JAKARTA (Reuters) - Indonesia’s transport minister proposed a number of changes to improve aviation safety standards at a parliamentary hearing on Tuesday, just over three weeks after an AirAsia passenger jet crashed killing all 162 people on board.
Ignasius Jonan also told the hearing that, according to radar data, the plane had ascended faster than normal in its final minutes, after which it stalled.
He said that a number of new rules regarding permits and safety, including health checks for flight crews and air traffic controllers, have been implemented since the crash.
“It is a habit among airlines that they sometimes sell tickets before they have obtained a route permit,” Jonan said. “Now route permits must be obtained 4 months before the flight and airlines will not be allowed to sell tickets before that.”
The transport ministry has suspended AirAsia’s Surabaya-Singapore licence for flying on a Sunday, for which it did not have permission. However, the ministry has said this had no bearing on the crash.
Jonan added applications for route permits and air transport licences would be moved online next month. The ministry had also recommended that wages for operations personnel like maintenance and safety inspection officials be raised, he said.
President Joko Widodo has called for an urgent overhaul of the Indonesian aviation sector, which is among the fastest-growing in the region but has seen airlines with patchy safety records mushroom to cater to demand from a growing middle class.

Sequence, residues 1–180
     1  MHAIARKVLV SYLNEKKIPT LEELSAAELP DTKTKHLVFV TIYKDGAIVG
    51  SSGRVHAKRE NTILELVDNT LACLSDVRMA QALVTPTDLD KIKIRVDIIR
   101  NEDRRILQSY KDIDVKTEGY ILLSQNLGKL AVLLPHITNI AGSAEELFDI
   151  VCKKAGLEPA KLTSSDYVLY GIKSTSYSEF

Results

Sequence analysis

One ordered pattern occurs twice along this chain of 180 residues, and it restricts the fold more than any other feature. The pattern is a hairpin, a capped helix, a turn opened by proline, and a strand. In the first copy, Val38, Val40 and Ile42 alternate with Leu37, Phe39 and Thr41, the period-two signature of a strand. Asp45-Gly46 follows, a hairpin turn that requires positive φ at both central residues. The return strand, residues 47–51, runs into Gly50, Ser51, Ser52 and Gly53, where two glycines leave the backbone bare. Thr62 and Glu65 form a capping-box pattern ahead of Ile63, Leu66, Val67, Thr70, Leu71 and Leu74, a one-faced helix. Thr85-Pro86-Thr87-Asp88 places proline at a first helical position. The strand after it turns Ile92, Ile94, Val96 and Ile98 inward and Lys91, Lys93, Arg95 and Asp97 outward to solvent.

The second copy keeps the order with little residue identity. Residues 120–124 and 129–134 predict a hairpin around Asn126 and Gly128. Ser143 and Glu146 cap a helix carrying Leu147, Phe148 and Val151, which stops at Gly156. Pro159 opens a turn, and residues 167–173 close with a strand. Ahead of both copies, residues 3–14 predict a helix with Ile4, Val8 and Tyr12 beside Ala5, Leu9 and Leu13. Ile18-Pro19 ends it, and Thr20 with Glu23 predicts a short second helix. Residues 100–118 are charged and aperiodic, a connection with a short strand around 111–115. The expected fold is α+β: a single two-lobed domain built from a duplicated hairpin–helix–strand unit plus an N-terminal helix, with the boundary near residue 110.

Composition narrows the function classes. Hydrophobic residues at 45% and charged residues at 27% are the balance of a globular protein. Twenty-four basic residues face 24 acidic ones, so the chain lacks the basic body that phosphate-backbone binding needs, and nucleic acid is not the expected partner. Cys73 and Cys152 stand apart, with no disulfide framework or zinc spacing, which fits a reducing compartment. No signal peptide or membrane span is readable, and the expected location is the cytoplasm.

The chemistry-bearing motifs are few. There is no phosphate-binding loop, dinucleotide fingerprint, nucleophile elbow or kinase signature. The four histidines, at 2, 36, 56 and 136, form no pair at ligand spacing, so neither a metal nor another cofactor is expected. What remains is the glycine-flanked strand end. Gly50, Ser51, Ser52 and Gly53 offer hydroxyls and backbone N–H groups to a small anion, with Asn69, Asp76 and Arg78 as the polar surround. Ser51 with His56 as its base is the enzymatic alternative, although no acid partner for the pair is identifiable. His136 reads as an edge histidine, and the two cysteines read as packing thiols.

Analysts say infrastructure has failed to keep up with the boom in air travel in Southeast Asia’s biggest economy, leading to overcrowded airports.
Investigators have yet to determine why the Airbus A320-200 crashed into the Java Sea about 40 minutes into its flight, but bad weather is believed to have played a factor.
“The plane, during the last minutes, went up faster than normal speed ... after then, it stalled. That is according to the data from the radar,” Jonan said.
A source familiar with the investigation’s initial findings told Reuters last month that radar data appeared to show Flight QZ8501 made an “unbelievably” steep climb before it crashed, possibly pushing it beyond the Airbus’ limits.
Investigators are analysing data from the aircraft’s two “black box” flight recorders to determine exactly why it crashed. They said on Monday they had found no evidence so far that terrorism played a part in the disaster.
Reporting by Dennys Kapa; Writing by Kanupriya Kapoor; Editing by Jeremy Laurence and Mike Collett-White